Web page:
Britons face winter quarantine from Greek islands despite travel corridor in major ‘farce’

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The Greek islands of Corfu, Crete, Kos, Rhodes, and Zakynthos currently hold their place on the travel corridor list for the four nations of the UK. This means holidaymakers, in theory, can visit each destination without the fear of a mandatory quarantine period on their return home.

However, one travel expert has revealed a major flaw in this plan in what he describes as a “farce”.

Chris Wright is the managing director of Sunvil, a company boasting holidays to 52 Greek islands.

Speaking to, he pointed out that despite the Government’s travel corridors, Britons may still have to ensure 14-days of self-isolation if they are looking for an escape to one of the gorgeous islands this winter.

According to Mr Wright, there are currently no flights between the UK and the Greek islands, which means a stop off in quarantined Greece is one of the only options.

“The season finished at the end of October, there were plans to extend flights into November but these were cancelled when the UK lockdown was announced.

British Airways ran the last flight out of Corfu direct to the UK on the 7th of November,” the expert explained.

“The only route to the Greek Islands at the moment is via Athens. Greece is currently going through its own travel restrictions but, if these are lifted at the beginning of December and the UK allows guests to travel again, they will be required to quarantine as they will have travelled through a mainland airport.

”The reason flights are so sparse is due to a lack of winter traffic.”

Speaking previously to Travel Mole, Mr Wright described the addition of the Greek islands onto the travel corridor list as “pointless” during the off-season.

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“As currently you aren’t allowed to leave the UK unless for essential reasons then the whole thing is just a farce,” he added.H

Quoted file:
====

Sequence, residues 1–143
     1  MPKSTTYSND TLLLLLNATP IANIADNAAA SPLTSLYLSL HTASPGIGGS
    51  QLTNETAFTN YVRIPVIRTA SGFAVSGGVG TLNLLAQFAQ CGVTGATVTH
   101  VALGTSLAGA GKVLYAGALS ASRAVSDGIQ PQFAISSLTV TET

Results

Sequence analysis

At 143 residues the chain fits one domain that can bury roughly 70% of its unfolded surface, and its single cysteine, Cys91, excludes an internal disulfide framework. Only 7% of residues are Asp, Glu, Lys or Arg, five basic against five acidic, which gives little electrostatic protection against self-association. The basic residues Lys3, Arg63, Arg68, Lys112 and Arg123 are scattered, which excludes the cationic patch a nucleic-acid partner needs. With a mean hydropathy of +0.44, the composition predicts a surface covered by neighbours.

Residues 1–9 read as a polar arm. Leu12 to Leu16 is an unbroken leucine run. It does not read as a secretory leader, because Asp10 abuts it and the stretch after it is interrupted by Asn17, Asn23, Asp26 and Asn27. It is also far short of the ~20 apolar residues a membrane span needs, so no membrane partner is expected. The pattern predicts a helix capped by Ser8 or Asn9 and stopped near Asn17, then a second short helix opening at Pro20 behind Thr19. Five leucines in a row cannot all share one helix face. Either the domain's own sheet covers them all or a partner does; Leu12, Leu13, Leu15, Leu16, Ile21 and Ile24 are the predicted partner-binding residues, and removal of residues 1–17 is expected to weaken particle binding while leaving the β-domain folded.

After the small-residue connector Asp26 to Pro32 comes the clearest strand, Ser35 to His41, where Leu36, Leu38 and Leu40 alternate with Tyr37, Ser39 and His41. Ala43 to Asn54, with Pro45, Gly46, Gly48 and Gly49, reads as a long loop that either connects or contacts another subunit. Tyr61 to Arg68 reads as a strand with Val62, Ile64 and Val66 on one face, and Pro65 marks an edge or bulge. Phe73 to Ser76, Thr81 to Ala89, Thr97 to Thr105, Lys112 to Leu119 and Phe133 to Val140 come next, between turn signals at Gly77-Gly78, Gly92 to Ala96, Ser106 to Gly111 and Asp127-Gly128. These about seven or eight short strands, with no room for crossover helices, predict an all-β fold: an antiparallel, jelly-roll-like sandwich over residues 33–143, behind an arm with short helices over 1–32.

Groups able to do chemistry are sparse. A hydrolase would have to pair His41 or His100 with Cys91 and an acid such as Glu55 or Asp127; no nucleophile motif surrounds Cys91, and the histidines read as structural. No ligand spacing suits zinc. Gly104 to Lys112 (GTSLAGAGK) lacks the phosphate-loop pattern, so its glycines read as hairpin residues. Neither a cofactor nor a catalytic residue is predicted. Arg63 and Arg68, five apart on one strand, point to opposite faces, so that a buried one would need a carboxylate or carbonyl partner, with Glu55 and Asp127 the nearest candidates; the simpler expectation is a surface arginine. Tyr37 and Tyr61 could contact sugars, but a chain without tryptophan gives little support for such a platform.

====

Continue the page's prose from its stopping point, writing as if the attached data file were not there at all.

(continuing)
owever, he further explained to that there were some perks to the likes of Crete and Kos being featured on the list.

“The only benefit to the islands being on the corridor list is that they remain safe to travel to from an FCDO advice perspective,” he said.

“It is great that the islands have remained on the corridor list but, as far as quarantine is concerned, it will make little difference as there are no direct flights and so guests will have to quarantine.”

He added: “For the few guests that we do get, mainly walkers and those interested in a quieter Greece, the current restrictions will put them off.

“The sensible approach would be, if transiting through an airport that isn’t on the travel corridor list, as long as you stay airside and don’t stay for longer than a few hours then you remain exempt.”

Alongside this suggestion, though, Mr Wright also believes the Government needs to reevaluate its current approach to international travel.

“A travel corridor only works if it is a true corridor with both the UK and destination country allowing unrestricted access,” he explained.

“As we have seen with the latest changes this week, most of those countries added to the list don’t allow tourists in or you can’t get to them without transiting through a quarantined airport. So the whole thing becomes too complicated.“The first step would be to lift the blanket ban on travel.

“Disconnect the travel corridors from the FCDO advice, this would at least allow guests that want to travel and don’t mind quarantining the chance without the barriers of insurance cover.

“Secondly, allow customers transiting through airports for a short time to avoid quarantine and third, put in a testing regime that removes the need for (or reduces the length of ) quarantine.”

Like many in the travel industry, he is also calling for testing to be put in place.

“I think airport testing is realistically the only way that we will get people travelling again,” Mr Wright stated.

Despite this, he does have some concerns.

“If, as is widely reported, a test after 5 days and then release from quarantine after 7, is the government’s preferred option, I don’t think this is going to help enough,” the expert stated.

He also pointed out the risk which charging passengers for airport tests could pose for any attempt at strengthening the industry.

“Price will also be a factor,” said the expert.

Instead, Mr Wright points to the actions of authorities in Greece.

He explained: “Greece had a great system this summer of a percentage of each flight being tested, for free, with results being returned within 24hrs.

”Alas, without the right measures in place, Mr Wright has worries about the return of travel to its former glory.

“Until we can have a system where people are tested on arrival, a cheap and quick test that airports/airlines/travel companies cover the cost of, with no quarantine, I don’t think we are going to see confidence return,” he concluded.

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